We haven’t visited the world of ornithology in quite some time, so it was only fitting this past weekend when someone at the weekly campfire asked a question about a bird that sings at night. After some research, it was determined the song heard was that of the hermit thrush.
According to The Cornell Lab of Ornithology, the hermit thrush’s song has been described as “the finest sound in nature.” It is flute-like, consisting of a beginning note, then several descending musical phrases in a minor key, repeated at different pitches. It often sings from a high open location. The famous author Walt Whitman referred to the hermit thrush as a “symbol of the American voice, poetic and otherwise,” in his elegy for Abraham Lincoln.
It is an unassuming bird with a lovely, melancholy song and lurks in the understories of far northern forests in summer. They have a rich brown upper body and smudged spots on the breast, with a reddish tail that sets if apart from similar species in its genus.
You can look for the hermit thrush in forest openings or along trails. This species spends winter and summer in different parts of the country. In spring and summer, you’ll likely hear their mournful, flute-like song long before you see them.
Hermit thrushes, Catharus guttatus, visit backyards, but generally do not go to feeders. However, during migration, they often forage on the ground or eat berries in yards with trees or shrubs. Males usually gather food for the nest, while females feed the nestlings. They usually make their nests in and around trees and shrubs, but they can also get more creative. Nests have been found on a cemetery grave, on a golf course, and in a mine shaft.
Young are ready to fly at about 12 days old. They usually have one to two broods a year. They eat mostly berries, beetles, ants, caterpillars, true bugs, grasshoppers, crickets and many other insects. They will also eat spiders, earthworms, and sometimes salamanders.
The male will defend the nestling territory by singing, especially in the morning and evening. Their nest site varies with the region, mostly found on the ground in the east and north, in a natural hollow on the side of a hummock and well hidden by overhanging branches or surrounding low vegetation.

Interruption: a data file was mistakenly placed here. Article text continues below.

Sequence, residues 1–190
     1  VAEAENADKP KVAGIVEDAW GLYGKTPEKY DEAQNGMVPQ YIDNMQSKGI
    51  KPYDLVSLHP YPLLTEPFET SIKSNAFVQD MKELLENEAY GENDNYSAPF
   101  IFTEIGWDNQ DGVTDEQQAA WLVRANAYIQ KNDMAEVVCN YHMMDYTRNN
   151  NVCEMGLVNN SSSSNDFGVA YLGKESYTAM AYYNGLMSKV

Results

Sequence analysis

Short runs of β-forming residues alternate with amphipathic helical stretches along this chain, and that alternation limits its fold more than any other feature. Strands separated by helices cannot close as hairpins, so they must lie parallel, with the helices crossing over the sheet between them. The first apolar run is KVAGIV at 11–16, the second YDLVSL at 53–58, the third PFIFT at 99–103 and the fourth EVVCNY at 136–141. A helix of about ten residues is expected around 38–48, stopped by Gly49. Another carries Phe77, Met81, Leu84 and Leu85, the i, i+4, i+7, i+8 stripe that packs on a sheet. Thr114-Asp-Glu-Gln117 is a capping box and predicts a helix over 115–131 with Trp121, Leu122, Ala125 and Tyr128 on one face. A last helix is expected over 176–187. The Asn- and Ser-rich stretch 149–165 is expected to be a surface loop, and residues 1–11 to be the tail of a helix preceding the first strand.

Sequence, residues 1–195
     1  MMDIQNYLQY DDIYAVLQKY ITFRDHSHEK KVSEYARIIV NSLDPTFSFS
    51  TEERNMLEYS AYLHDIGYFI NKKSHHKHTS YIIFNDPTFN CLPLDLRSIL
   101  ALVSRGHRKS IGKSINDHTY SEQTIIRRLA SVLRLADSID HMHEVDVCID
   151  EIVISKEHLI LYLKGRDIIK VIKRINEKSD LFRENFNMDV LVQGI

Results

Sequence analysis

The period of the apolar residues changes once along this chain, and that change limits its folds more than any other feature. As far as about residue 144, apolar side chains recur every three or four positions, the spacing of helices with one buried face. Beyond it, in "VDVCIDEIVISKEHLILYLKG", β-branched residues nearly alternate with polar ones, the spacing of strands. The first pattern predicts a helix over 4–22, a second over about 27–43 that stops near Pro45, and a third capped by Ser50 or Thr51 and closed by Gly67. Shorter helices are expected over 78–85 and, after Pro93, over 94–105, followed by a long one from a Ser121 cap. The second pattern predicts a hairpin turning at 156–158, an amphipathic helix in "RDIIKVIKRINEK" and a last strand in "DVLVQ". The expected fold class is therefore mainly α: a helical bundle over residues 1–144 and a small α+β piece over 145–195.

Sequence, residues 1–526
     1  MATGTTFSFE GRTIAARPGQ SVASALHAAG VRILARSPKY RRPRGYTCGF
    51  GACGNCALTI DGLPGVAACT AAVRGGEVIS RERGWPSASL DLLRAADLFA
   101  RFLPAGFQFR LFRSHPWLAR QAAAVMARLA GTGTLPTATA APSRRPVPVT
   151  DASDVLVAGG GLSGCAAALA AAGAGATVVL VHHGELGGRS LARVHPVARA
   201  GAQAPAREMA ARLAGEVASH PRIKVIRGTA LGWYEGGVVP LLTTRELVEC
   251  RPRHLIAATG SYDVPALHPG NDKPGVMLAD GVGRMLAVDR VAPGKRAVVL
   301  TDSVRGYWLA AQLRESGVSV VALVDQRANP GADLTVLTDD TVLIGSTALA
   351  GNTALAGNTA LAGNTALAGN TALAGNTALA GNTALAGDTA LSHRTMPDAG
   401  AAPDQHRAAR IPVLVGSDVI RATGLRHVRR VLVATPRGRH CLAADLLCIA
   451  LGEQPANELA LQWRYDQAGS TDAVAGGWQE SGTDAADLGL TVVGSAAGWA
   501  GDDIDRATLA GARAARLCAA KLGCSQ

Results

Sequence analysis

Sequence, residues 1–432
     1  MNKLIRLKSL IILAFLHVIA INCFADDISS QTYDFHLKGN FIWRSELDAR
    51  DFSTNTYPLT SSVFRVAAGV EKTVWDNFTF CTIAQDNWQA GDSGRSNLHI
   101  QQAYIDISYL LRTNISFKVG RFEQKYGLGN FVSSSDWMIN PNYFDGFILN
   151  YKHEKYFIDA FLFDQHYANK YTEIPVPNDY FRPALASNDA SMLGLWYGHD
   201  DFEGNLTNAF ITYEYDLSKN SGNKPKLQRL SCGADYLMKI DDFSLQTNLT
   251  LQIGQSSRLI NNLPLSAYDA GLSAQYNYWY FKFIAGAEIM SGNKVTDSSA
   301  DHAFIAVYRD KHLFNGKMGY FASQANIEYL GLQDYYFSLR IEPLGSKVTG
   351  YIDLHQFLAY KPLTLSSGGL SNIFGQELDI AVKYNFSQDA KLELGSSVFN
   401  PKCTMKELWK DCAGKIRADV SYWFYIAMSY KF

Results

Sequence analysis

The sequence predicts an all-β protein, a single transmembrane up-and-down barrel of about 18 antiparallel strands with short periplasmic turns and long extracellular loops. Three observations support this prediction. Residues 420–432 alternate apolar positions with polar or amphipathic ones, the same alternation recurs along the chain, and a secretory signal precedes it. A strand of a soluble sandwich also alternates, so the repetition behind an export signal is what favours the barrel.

The hermit thrush is hardier than other brown-backed thrushes. If it is startled from the ground in the forest interior, it often perches low and stares at the observer, flicking its wings nervously and slowly raising and lowering its tail.
The hermit thrush migrate in early spring and late in the fall, and probably migrates mostly at night. They are not year round residents of the state of Maine, but merely come here during the breeding season. They can only be found year round in Arizona, New Mexico, and parts of Pennsylvania, West Virginia and Virginia.
While most hermit thrushes migrate to wintering grounds in the southern United States and south to Central America, some remain in northern coastal U.S. states and into southern Ontario. They usually breed in forests, but will sometimes winter in parks and wooded suburban neighborhoods.
They are a medium sized bird measuring 6 – 7 inches in length, with a wing span of 9.8 to 11.8 inches, weighing from .63 to 1.31 ounces.
The oldest recorded Hermit Thrush was at least 10 years, 10 months old when it was recaptured and re-released during banding operations in Maryland in 2009. It had been banded in the same state in 1999. They can be found in every contiguous state in the United States.
Conservation-wise, the numbers of the hermit thrush seem to be holding up well.
In culture, the former Canadian indie-rock band Thrush Hermit took its name from a reversal of the bird’s name. It is also shared by the American bands Hermit Thrushes and Hermit Thrush. Also, A Hermit Thrush is the name of a poem by the American poet Amy Clampitt. A hermit thrush also appears in the fifth section of What the Thunder Said, of the T. S. Eliot poem The Waste Land.
The irony of the whole episode is that in the 31 years my wife and I have had this camp, we had never heard it before.
Roland’s trivia question of the week:
What Boston Bruins player is the only defenseman in their history to record four points in a single game in the Stanley Cup final?
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